Thursday 19 March 2015

Singapore 'will have to ease immigration laws to stay competitive': EIU

Curbs on immigration will hurt business: EIU
Govt will have to lift curbs, given low birth rate and productivity
By Rachel Chang, Assistant Political Editor, The Straits Times, 18 Mar 2015

DESPITE Singapore's moves to tighten immigration in recent years, the Economist Intelligence Unit (EIU) yesterday said it believed the rules would have to be eased in the future for the country to stay economically competitive.

This is because efforts to incentivise family formation and boost productivity among businesses have proved disappointing, the research unit said in a new report.

"In the long run, the changing population profile and the need to remain competitive will lead the Government to ease its immigration laws," said the 10-page special report on the state of affairs in Singapore in its 50th year of independence.

Given low unemployment, continued restrictive labour practices will "hurt business efficiency, as well as Singapore's competitiveness and reputation for openness", it said.

The report, released yesterday, also highlighted the challenge of political succession in Singapore, citing in particular its readiness for a "post-Lee Kuan Yew future".

The EIU noted that the PAP remains popular with the majority as it has managed to deliver "rising prosperity and far-sighted policies".

Overall, the report struck a largely positive note on Singapore's prospects, predicting "the tiny island city-state will retain its allure".

"It will continue to consolidate its position as a financial services hub, enhance its tourism infrastructure, strengthen its manufacturing base, aspire to become Asia's liquefied natural gas hub and deepen its diplomatic engagement."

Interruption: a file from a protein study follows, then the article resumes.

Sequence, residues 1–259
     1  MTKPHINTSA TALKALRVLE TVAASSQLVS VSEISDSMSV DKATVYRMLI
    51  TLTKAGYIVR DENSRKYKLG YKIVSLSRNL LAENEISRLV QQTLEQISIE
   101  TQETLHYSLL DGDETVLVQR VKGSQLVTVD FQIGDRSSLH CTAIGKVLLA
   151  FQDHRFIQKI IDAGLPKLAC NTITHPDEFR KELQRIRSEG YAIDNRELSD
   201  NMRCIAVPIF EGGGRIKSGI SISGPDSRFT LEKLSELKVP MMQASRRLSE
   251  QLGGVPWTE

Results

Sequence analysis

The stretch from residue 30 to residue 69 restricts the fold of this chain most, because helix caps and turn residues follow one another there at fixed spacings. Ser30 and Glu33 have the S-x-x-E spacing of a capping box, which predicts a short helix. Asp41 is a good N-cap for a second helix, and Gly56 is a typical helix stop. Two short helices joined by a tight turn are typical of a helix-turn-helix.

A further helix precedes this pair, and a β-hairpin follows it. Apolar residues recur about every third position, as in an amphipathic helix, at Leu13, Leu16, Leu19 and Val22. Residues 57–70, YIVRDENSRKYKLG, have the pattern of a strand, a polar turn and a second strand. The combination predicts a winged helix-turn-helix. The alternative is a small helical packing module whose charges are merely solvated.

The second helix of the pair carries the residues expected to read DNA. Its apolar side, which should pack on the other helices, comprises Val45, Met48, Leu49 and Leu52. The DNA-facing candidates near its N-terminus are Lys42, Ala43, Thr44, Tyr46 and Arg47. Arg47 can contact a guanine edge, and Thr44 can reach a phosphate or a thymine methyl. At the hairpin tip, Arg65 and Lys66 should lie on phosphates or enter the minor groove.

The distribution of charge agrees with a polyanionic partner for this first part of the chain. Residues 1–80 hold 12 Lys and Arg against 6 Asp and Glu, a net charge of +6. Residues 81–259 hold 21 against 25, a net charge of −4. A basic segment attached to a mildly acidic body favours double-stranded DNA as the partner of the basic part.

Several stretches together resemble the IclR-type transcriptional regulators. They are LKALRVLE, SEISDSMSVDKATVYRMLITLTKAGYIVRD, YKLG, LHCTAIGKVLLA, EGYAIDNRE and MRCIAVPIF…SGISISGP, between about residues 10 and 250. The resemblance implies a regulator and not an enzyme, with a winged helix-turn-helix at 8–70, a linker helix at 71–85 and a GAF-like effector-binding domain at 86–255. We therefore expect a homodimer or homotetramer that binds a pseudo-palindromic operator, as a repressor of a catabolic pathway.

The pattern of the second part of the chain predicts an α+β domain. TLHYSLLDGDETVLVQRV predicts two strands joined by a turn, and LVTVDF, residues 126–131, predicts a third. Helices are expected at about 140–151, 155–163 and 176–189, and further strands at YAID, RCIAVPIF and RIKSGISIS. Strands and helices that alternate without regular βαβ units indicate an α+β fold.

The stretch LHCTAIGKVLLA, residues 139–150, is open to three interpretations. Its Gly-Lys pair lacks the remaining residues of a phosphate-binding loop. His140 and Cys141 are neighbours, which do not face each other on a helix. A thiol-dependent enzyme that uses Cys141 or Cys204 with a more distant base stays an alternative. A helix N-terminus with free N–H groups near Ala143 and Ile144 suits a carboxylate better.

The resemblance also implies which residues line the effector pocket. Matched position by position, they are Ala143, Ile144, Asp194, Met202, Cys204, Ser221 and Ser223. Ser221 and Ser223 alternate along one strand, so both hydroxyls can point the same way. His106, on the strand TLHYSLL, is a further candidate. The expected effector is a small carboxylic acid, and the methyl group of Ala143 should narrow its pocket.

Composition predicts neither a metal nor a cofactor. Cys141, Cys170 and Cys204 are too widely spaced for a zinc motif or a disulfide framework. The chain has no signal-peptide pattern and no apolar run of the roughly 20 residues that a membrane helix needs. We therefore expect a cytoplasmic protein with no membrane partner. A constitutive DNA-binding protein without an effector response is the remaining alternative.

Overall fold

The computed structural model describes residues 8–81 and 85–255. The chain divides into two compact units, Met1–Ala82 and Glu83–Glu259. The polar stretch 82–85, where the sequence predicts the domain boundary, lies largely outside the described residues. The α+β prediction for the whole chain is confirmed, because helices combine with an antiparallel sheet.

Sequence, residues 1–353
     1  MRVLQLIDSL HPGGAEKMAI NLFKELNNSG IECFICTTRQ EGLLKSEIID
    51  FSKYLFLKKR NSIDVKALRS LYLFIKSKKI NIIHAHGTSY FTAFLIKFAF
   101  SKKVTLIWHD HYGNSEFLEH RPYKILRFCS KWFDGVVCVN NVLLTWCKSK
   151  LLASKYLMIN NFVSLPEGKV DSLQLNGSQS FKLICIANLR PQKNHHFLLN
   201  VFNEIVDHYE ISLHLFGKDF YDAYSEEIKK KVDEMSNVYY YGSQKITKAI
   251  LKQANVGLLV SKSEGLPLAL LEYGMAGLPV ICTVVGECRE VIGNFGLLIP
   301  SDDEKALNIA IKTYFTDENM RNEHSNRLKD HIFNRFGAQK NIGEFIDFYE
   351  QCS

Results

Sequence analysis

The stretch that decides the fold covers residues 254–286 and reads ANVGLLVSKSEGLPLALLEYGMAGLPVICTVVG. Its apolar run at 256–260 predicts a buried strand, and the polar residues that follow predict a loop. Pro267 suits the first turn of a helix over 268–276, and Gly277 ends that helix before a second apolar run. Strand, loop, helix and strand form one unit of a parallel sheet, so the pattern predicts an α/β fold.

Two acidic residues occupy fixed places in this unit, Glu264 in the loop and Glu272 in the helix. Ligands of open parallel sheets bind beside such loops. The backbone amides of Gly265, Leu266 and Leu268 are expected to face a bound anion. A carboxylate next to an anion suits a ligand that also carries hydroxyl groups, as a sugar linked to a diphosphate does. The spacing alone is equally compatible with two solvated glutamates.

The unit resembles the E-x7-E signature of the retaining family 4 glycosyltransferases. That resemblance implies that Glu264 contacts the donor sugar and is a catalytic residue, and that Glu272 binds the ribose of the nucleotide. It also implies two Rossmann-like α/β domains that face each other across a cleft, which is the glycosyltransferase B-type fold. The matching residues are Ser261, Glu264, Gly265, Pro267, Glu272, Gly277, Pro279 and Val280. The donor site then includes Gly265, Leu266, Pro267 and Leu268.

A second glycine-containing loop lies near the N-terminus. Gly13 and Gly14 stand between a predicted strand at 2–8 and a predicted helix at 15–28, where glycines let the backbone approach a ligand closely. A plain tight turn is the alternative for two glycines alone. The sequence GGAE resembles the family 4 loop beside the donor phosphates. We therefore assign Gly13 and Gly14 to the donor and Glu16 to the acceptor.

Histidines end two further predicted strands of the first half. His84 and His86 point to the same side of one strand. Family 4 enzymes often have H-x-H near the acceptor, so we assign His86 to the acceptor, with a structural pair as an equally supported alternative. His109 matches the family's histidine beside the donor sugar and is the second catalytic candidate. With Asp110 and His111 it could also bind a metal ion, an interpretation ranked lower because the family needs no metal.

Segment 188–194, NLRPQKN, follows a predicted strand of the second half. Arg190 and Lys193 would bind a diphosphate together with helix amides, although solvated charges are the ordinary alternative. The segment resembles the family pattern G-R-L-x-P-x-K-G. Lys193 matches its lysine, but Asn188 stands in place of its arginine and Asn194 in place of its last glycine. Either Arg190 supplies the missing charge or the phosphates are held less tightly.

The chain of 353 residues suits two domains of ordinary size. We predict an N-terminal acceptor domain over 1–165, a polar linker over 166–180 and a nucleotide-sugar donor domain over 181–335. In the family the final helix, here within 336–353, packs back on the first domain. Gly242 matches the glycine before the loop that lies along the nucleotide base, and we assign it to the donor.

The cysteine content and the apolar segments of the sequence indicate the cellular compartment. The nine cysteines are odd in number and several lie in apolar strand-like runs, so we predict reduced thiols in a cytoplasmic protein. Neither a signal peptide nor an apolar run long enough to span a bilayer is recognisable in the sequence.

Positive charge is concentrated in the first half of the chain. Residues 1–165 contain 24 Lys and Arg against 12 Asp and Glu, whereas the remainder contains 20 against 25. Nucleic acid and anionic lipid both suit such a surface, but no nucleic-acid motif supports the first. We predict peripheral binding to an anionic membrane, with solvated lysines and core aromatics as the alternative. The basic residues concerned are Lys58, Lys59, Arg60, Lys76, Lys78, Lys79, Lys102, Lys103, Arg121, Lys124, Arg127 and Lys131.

Sounding an optimistic note, the report said: "Years of prudent policymaking will ensure that Singapore retains its competitive edge and continues to draw business from across the world."

It also pointed to the discrepancy between the "huge majority" of 81 out of 87 seats controlled by the People's Action Party (PAP) and its 60.1 per cent share of the vote at the 2011 General Election. It said that in the long term, the "mismatch" between the PAP's parliamentary dominance and its declining popular support "seems politically unsustainable".

"Besides trying to alter its governing style, the PAP may also support modest electoral reforms, but wholesale changes are unlikely," it said.

Political observer Zulkifli Baharudin yesterday disputed that the "mismatch" between the PAP's parliamentary representation and its share of the popular vote was a pressing concern among Singaporeans.

"It's not the political structure in Singapore that people have issues with, but economic and social issues. They want to know that their views are being heard by the Government," he said.

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